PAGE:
"Saved a dog from rat poison ingestion w vit K & fresh frozen plasma transfusion. This stuff kills more than mice, pls don't use it!"
I received a reply from Vet School Style stating,
"I had a guy say he didn't realize that bc it said "rodenticide" and not "dogicide."
JD's PCV was up to 23%, and TP 7.4 the next morning. He is one lucky boy!
He will stay on oral Vitamin K for the next two weeks.
1 week update. JD came to visit and he is back to his happy, energetic, sweet self. His color looks great, and his chest sounds much better also. We put him on anothr 2 weeks of vitamin K because we don't know what kind of rodenticide he got into. Treatment for rodenticide toxicity is 2-4 weeks. We are playing it safe by supplementing him longer.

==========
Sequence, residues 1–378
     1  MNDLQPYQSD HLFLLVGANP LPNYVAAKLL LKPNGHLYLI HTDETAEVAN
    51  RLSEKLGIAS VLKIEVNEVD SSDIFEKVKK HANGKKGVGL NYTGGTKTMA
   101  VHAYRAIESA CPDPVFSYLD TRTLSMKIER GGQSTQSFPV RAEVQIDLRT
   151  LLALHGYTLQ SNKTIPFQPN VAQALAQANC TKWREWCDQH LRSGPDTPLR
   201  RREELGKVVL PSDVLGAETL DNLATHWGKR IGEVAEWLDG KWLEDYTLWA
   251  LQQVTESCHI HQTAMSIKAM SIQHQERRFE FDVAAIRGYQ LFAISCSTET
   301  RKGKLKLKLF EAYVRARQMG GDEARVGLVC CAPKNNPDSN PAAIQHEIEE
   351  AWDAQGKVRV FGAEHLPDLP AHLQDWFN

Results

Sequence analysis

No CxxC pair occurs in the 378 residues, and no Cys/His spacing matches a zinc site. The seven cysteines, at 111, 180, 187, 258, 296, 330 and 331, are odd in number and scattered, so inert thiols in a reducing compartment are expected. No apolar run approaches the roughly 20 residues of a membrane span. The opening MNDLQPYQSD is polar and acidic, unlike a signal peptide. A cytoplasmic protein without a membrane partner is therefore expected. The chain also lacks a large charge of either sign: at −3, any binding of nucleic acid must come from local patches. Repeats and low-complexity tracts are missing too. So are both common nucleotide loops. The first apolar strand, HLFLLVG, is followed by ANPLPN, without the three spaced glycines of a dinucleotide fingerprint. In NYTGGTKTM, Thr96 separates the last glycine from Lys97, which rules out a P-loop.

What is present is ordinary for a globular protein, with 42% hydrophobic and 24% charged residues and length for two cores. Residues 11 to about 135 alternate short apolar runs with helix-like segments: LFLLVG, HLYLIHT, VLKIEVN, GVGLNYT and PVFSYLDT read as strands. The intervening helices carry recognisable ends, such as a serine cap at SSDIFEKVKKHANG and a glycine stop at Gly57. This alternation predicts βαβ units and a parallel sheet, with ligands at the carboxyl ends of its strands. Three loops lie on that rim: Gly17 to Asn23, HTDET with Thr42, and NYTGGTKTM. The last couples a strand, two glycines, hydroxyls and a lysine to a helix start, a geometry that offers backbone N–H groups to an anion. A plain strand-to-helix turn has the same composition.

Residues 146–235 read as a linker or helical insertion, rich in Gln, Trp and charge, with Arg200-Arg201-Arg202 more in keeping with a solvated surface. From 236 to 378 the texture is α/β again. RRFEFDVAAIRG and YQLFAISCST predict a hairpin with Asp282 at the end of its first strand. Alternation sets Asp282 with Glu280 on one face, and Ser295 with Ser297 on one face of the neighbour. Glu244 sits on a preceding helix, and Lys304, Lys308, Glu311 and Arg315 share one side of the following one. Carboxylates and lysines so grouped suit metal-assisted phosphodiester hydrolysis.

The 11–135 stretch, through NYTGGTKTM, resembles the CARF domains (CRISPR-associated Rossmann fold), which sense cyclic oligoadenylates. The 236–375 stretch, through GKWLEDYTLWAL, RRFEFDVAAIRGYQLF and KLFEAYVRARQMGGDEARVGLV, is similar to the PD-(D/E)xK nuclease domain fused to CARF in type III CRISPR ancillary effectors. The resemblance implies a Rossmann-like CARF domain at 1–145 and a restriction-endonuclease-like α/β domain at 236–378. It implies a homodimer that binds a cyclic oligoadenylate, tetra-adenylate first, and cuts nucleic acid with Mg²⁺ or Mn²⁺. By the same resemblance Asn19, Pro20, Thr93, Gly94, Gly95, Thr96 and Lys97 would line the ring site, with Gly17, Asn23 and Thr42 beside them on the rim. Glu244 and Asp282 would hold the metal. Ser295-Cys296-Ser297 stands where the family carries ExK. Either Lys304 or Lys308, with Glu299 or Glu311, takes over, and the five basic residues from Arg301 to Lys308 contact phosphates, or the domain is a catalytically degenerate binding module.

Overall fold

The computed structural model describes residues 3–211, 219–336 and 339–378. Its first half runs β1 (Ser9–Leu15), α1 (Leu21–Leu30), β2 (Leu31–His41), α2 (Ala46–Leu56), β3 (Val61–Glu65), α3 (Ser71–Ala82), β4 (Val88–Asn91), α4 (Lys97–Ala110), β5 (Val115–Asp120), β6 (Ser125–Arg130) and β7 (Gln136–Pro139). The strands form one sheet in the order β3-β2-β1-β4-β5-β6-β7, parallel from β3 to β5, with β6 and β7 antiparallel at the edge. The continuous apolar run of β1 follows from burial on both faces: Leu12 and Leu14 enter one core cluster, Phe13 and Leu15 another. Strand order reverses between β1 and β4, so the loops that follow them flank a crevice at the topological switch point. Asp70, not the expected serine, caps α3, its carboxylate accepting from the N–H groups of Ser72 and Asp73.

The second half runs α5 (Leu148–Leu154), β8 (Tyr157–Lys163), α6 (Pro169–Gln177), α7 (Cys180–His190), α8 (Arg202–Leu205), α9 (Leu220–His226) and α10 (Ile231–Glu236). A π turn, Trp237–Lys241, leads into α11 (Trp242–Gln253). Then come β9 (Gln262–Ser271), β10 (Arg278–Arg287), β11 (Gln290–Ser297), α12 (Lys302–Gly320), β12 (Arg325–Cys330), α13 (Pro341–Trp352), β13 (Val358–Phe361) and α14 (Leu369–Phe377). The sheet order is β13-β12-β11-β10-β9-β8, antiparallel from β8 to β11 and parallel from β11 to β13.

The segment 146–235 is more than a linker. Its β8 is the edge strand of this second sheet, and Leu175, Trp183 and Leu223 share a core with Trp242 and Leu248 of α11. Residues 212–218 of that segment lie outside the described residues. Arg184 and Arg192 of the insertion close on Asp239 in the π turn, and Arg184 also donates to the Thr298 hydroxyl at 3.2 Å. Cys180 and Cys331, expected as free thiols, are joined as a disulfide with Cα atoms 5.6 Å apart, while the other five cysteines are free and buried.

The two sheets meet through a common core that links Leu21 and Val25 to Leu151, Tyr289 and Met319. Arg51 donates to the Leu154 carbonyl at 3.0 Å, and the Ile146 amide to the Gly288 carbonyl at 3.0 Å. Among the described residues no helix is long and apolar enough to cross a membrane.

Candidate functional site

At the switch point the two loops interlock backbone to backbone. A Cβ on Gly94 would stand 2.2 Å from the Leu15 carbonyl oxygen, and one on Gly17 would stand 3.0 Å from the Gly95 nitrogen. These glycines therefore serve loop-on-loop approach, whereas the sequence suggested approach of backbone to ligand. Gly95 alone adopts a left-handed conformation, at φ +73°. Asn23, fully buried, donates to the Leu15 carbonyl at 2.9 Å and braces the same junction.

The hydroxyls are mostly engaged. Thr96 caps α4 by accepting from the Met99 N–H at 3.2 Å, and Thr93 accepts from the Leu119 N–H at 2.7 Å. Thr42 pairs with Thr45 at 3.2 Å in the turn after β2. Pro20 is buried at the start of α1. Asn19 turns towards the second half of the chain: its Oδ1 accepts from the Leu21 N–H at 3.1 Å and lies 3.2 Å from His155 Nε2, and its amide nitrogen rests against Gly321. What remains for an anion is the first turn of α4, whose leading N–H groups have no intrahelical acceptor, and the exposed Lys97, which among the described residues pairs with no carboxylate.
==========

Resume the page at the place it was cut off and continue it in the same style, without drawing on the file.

JD's family came back in with him, and the son confessed that they had done a search of their home and found a box of rat poison. JD's mom tried to convince me that she didn't think it was the poison he got into because there weren't partially eaten pieces, and JD is "too smart to do something that stupid." I told her if they found it, he got into it.
As a side note; I just went into our basement to retreive our kittens who snuck down there (because it is off limits) after my husband went down to find a can of paint. Seems